This brings up what might be called the "turning the page" phenomenon that I think can be used in comics to great effect, though I'm not sure it's much use in poetry. The turning of the page can be used as a sort of grand line break to help accent transitions or unveil surprizes, etc, because each time you turn the page something new is instantly revealed by the art.

Warmest regards,


Monday, December 01, 2003

S. A. T. U. R. D. A. Y Night

Today Ron Silliman & Dale Smith weigh in on the problem of the line. Some poets from the Northampton-metroBoston-Gloucester triangle had a related chat at the Commander in Cambridge, MA after terrific readings by David Perry, Mike County, and Nick Piombino at Wordsworth Saturday night.

At the Commander, I recounted a discussion a friend & I had some years back about the linebreak pause made by Creeley (& many other Boston area poets, perhaps elsewhere too).* My friend & I were in agreement that it is usually dreadful--sing-song sickly--to hear regular, metrical verse read this way.** However, he feels this is true of irregular metrical verse ("free" verse, projective verse, etc.) as well. He offered Olson's reading as a defense. Olson, despite the rhethoric about breath, did not pause (or breathe) at the end of his lines. (I also knew--during our discussion--that WCW also did not pause at his linebreaks when reading.)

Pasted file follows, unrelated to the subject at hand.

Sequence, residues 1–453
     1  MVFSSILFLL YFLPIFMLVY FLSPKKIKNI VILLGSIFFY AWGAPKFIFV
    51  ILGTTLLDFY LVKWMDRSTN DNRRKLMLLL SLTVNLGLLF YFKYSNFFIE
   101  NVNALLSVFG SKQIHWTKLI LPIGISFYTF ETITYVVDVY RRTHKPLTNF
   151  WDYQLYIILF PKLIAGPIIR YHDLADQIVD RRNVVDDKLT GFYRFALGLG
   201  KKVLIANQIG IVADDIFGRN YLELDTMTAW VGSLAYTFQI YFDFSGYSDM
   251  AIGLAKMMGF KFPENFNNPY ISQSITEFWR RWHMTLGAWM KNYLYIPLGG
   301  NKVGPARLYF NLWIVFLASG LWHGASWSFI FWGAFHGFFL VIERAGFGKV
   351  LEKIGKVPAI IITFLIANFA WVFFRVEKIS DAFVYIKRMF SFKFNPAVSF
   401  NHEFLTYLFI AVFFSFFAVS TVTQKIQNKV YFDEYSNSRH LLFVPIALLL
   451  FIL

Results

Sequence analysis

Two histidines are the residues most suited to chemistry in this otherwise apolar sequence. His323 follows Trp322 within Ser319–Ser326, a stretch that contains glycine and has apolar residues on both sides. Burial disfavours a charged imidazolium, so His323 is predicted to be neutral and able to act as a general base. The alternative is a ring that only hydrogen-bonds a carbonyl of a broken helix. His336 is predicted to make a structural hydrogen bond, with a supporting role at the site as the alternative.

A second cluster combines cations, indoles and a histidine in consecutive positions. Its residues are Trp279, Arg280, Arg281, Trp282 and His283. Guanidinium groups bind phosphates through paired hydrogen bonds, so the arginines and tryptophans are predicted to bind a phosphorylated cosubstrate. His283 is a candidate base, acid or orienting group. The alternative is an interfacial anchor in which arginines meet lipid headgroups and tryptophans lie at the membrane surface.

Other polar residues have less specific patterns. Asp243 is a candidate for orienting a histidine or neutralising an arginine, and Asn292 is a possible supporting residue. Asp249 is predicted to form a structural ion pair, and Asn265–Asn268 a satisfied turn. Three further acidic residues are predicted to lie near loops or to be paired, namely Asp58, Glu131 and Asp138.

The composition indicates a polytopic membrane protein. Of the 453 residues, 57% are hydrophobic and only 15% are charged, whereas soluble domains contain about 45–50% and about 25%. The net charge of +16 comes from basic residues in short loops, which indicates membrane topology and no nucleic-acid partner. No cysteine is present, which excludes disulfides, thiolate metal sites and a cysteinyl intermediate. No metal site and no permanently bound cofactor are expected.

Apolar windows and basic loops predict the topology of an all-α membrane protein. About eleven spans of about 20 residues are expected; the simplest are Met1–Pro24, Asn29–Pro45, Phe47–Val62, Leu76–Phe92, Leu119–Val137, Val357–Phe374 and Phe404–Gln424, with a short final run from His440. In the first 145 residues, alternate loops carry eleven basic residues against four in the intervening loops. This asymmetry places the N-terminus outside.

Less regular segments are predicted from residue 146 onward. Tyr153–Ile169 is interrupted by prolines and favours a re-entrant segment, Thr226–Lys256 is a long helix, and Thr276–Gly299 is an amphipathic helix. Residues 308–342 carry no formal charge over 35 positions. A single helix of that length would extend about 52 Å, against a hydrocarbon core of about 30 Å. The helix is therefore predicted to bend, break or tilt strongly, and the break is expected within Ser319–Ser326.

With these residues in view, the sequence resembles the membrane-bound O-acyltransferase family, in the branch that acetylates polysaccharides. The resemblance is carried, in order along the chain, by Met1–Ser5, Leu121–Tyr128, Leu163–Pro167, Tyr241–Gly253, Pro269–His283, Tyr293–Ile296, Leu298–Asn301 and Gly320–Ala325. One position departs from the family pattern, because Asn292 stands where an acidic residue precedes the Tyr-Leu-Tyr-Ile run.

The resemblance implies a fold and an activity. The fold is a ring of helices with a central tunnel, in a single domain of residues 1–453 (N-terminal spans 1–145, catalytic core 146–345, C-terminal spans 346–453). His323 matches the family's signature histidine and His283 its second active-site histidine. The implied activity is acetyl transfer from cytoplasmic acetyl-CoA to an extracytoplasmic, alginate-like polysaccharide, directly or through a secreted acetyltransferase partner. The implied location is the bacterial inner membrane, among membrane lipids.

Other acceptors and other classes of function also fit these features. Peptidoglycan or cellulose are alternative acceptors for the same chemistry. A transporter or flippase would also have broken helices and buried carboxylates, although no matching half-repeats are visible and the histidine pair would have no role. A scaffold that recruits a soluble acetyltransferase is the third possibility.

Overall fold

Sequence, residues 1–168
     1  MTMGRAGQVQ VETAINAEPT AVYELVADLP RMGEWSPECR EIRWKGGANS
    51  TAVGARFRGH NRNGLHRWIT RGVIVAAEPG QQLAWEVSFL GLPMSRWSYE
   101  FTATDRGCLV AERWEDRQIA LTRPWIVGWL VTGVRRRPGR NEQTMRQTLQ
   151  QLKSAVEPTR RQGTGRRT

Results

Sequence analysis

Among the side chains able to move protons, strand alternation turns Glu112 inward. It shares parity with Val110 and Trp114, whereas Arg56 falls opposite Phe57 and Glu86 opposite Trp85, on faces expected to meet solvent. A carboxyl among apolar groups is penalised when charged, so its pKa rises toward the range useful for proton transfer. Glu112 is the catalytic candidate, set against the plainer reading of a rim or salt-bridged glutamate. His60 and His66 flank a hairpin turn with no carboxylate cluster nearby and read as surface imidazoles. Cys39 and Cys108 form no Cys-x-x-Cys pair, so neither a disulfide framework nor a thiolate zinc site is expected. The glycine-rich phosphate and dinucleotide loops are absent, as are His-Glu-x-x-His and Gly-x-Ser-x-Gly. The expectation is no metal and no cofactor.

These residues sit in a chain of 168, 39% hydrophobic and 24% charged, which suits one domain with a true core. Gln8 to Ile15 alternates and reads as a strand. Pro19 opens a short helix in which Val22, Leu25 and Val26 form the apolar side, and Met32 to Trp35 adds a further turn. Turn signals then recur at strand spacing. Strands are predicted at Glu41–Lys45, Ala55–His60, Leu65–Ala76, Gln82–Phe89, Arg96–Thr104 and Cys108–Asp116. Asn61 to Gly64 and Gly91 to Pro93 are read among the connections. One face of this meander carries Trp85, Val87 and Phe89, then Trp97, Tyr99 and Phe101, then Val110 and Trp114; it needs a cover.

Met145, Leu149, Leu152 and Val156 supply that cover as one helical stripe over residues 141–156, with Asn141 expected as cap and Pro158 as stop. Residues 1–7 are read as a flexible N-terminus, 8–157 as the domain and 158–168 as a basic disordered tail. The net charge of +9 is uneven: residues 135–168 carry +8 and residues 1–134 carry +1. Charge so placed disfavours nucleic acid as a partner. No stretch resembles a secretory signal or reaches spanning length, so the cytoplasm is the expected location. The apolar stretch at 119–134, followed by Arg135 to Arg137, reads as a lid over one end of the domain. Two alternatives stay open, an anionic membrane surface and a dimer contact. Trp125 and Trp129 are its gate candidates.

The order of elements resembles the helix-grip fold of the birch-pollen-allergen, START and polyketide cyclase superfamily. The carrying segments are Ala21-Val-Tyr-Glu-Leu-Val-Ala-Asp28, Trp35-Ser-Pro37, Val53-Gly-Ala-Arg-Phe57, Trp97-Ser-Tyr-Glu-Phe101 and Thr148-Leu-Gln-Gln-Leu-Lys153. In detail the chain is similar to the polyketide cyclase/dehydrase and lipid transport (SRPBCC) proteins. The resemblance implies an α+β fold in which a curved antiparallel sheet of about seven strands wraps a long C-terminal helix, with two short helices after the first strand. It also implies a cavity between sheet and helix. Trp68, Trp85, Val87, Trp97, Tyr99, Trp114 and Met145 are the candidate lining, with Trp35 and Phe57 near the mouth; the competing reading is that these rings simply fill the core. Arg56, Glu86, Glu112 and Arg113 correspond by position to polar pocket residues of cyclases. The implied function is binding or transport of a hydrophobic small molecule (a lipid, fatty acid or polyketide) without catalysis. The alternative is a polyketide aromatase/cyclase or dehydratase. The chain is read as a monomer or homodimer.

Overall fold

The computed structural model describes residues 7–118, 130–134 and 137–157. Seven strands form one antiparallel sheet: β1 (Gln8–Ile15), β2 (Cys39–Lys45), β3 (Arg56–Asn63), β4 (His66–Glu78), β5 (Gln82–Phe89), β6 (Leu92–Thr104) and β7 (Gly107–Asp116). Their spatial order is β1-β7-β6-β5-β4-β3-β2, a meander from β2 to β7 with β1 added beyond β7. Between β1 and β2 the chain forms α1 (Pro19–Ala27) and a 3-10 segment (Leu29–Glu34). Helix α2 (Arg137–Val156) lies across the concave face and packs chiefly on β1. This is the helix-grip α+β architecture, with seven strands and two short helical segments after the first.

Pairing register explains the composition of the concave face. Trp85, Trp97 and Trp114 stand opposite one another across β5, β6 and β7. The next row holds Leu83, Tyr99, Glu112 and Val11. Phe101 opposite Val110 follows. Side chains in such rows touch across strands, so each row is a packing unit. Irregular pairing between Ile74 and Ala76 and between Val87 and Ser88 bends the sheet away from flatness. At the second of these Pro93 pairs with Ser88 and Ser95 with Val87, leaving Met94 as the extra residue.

Now what? O.K.
I think bebop jazz--important to Creeley & Bill Corbett but not to WCW or Olson--has something to do w/ the linebreak pause. It creates syncopation--often causing a normally unstressed syllable/word to be stressed. This sycopation can affect the rhythm & the meaning (or possible meanings) of the syntactical units, which is why I feel it is important to read poets like Creeley & Corbett with linebreak pauses. {I'm not the first to say this.}